| WINSTON-SALEM, N.C.
WINSTON-SALEM, N.C. Feb 6 As many as 82,000
tons of ash have spilled into a river after a pipe break at a
retired coal plant in North Carolina, and state environmental
officials plan to release test results on Thursday that gauge
hazards to the water quality.
The leak was discovered on Sunday at a Duke Energy power
plant in Eden. The company said the broken stormwater pipe under
a 27-acre ash pond released enough coal ash into the Dan River
to fill between 20 and 32 Olympic-size swimming pools.
No immediate threat to drinking water was reported. The
state's Department of Environment and Natural Resources was
conducting tests to determine if the water was safe in the river
where fishing and canoeing are popular activities.
An agency spokeswoman said the latest results on suspended
solids, sulfates and nutrients in water near the spill site were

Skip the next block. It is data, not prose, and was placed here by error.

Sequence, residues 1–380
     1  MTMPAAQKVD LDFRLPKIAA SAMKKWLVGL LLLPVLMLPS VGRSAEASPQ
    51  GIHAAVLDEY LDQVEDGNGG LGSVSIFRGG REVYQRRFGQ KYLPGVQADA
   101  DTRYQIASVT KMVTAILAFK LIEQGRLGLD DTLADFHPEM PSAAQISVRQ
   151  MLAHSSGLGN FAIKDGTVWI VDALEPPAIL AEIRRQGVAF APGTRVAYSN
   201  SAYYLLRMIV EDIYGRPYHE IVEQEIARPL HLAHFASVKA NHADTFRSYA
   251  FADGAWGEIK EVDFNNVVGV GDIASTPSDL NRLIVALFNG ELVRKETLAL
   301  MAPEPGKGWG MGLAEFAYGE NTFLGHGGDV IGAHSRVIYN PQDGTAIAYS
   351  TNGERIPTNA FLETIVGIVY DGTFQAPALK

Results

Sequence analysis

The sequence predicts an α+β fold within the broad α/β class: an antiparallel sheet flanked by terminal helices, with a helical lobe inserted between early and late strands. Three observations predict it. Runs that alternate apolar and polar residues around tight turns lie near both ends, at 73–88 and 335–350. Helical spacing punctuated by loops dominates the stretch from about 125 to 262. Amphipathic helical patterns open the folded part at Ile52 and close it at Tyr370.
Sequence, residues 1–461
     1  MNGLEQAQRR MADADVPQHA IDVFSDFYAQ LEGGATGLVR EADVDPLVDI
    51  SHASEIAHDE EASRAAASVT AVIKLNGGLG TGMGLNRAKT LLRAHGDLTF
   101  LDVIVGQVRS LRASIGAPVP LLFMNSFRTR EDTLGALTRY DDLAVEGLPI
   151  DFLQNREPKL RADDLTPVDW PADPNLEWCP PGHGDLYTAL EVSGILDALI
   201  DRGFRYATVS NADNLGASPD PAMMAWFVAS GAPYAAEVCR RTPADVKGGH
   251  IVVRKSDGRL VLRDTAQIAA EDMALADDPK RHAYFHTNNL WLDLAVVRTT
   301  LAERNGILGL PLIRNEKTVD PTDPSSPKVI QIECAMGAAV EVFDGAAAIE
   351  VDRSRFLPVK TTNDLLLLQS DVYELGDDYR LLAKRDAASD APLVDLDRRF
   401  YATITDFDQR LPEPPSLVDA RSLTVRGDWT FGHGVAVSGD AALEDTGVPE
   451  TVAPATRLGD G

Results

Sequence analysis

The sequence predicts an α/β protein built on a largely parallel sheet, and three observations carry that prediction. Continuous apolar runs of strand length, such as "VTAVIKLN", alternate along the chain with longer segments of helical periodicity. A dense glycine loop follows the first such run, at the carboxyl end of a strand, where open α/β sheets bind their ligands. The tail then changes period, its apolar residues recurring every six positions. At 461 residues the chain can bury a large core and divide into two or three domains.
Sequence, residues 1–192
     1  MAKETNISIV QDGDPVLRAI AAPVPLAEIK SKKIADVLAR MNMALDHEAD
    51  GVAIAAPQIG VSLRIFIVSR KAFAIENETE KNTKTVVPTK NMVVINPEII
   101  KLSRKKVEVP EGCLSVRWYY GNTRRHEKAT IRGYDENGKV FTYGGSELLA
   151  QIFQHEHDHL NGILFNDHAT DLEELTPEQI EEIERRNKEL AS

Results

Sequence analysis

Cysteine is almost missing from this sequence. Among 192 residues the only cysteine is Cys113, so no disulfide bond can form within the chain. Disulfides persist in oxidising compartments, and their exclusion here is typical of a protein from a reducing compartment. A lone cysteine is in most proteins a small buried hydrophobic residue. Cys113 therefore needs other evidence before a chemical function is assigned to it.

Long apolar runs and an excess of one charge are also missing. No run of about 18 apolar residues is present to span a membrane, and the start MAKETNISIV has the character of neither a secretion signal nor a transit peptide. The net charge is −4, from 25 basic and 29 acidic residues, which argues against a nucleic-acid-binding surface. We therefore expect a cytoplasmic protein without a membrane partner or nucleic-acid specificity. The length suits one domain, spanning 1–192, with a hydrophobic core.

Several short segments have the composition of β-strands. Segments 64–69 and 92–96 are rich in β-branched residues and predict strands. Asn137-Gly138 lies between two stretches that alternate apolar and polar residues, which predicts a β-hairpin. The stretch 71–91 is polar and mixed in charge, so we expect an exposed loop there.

expected to be made public on Thursday.
Hundreds of workers have been at the site this week trying
to stop the leak and permanently seal the broken pipe, Duke
Energy said in a statement. A spokeswoman said there was no
indication of when the spill, which was visible several miles
downstream, would be fully contained.
"It has slowed since the break was discovered," spokeswoman
Meghan Musgrave said. "Our focus remains on public safety and
fixing this break in the pipe."
Duke Energy, the country's largest electric power provider,
retired the Eden coal plant in 2012. No coal ash has been
produced at the site since then.
The plant was built in the 1940s, and the stormwater pipe
was in place before the ash basin was extended over it, Musgrave
said. The ash pond stored the waste produced by coal burning.
The Waterkeeper Alliance, an international group of water
advocates, said the coal ash spill is "the latest in a series of
wake-up calls" about the public health and environmental threats
of leaking ash ponds.
"Waterkeepers call on Duke Energy to put the safety of the
public and our waterways first by closing all of their ash ponds
before the next disaster happens," the organization said in a